Kung Fu Factory to fight for dominance with Supremacy MMA

While EA Sports MMA and THQ’s UFC Undisputed 2010 battled it out on the E3 show floor for mixed-martial arts dominance, developer Kung Fu Factory was taking a different approach. Tucked away in a meeting room above the bustling expo, it was giving press the first look at its forthcoming fighter, Supremacy MMA.

This “off the floor, behind-the-scenes” approach couldn’t be more appropriate, either. While EA Sports and THQ focus on the mainstream popularity of mixed martial arts, Kung Fu Factory is taking a different angle with Supremacy MMA. Instead of  focusing on the established flamboyant, televised side of the sport, it goes underground, bringing a grittier, unauthorized, and more violent taken on fighting.

 Hit the jump for the first details.

The first thing you’ll noticed about Supremacy MMA is that it’s much faster, perhaps even smoother, than its competition. That’s intentional, as the title is being designed as a faced-paced experience, almost arcade-like in control. But because the game is made with a “pick up and play” experience in mind, don’t think that means the title won’t be deep. The development team behind the project were responsible for some of the best and most authentic console fighting experiences, including Ultimate Fighting Championship for the Dreacmast as well as THQ’s most recent UFC titles.

The demo we were shown was entirely based around the standing game, with two fighting styles revealed — karate and Muay Thai. Kung Fu Factory tells me more styles will be revealed in the upcoming months, each with their own strengths and weaknesses. How well you do in a match up will be based on skill, not stats, so learning the ins and outs of your chosen style will be critical to keeping your nose from being bashed in by a flying knee or the business end of an elbow. 

Controls appear fairly straightforward, with buttons for punches and kicks mapped to one button each; stringing together combos will unleash a flurry of attacks, all smoothly and impressively animated. Adding a layer of complexity to the fighting will be the ability to “feint” or pull punches and kicks; you’ll be able to stop mid-animation and switch it up, throwing your opponent off guard. Because attacks can be blocked both low and high, out-smarting your opponent may be the only way to break through his defenses. A timing based parry system is also woven into the game play, upping the ante of the cat and mouse melee. We weren’t shown the ground and grappling game — as opponents brought each other to the ground in the demo, the were quickly getting back up — but we’re assured that we should see more in the coming months, and that there will be a deep system in place.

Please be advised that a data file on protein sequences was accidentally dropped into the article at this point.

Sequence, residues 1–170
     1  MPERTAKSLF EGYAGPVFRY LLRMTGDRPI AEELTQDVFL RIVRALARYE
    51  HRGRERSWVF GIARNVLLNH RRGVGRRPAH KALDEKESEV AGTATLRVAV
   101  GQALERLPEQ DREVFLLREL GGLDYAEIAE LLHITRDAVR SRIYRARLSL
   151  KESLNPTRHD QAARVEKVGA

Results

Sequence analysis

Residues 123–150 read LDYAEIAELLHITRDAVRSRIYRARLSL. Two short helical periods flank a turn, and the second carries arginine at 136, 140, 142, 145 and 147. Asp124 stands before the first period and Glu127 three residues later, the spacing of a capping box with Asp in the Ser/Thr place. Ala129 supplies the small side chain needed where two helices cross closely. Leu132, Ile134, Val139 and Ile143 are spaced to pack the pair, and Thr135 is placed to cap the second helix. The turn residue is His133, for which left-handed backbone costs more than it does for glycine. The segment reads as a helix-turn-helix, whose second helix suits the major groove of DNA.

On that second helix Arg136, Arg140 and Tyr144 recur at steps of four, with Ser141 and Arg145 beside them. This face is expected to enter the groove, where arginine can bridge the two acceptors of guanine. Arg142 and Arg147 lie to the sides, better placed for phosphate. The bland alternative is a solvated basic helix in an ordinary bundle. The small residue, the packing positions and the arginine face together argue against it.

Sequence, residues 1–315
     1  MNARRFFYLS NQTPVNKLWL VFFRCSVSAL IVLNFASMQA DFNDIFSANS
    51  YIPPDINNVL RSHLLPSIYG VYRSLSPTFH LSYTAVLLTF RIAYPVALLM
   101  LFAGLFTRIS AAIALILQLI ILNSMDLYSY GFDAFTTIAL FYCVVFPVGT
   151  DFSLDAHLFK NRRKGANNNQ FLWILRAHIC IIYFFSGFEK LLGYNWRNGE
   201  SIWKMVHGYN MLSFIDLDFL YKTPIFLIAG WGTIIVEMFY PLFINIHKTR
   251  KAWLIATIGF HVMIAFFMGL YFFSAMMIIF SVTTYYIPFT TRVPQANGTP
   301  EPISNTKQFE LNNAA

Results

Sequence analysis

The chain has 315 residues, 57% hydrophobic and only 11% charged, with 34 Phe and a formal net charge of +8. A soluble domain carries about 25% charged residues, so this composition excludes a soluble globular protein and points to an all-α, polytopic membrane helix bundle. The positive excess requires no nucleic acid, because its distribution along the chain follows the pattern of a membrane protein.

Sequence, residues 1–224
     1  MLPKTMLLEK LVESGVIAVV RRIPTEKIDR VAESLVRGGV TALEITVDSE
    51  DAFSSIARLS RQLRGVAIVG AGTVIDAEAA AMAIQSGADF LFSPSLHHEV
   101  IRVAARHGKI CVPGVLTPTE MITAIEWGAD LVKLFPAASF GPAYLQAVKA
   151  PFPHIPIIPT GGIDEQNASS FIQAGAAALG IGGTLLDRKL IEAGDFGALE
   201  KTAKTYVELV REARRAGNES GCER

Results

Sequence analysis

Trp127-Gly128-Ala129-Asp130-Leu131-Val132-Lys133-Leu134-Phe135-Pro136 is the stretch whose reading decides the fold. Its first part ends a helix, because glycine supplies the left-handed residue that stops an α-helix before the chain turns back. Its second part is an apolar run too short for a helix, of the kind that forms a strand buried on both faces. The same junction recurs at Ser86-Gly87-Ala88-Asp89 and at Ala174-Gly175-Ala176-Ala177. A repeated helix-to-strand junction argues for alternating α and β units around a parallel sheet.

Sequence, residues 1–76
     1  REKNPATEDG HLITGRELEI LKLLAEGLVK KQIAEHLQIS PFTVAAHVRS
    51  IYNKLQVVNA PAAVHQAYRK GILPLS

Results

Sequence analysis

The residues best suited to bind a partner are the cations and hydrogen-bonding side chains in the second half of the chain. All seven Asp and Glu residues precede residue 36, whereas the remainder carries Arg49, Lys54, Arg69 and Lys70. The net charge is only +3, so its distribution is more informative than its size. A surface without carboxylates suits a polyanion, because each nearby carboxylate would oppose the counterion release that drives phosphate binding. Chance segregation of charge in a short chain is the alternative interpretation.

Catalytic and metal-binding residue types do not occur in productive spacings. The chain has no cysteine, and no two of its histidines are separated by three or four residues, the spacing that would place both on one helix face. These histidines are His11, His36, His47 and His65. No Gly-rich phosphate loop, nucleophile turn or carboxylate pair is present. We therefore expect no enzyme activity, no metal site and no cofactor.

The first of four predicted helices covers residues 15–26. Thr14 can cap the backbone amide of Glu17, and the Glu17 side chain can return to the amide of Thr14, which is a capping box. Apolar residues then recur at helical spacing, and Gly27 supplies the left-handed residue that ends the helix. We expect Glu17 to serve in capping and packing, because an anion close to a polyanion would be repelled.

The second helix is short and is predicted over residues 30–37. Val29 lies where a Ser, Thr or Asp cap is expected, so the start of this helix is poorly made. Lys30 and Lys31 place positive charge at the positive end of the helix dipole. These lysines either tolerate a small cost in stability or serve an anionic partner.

Because Kung Fu Factory doesn’t have to answer to any sanction mixed martial arts authority, its approach with Supremacy MMA can really be a no-holds-barred experience. The feel of the game is about as nasty as you can get, the demo area we saw featured a rusty fighting cage and cock fighting arenas. Supremacy MMA also features something the developer is calling “Brutal Finishers” — as the final blow is landed, the game cuts to an x-ray, close-up view giving you an “insiders” look at the action. We saw a fracture skull as an elbow came down hard, a broken nose as a high kick hit its target.

Only about 40% through development with more details to come, Supremacy MMA looks like it’ll hit the spot (with bloodied knuckles) for gamers looking for something with a bit more teeth. No release date, but the game’s scheduled to hit Xbox 360 and PlayStation 3 when it comes to retail.

Nick Chester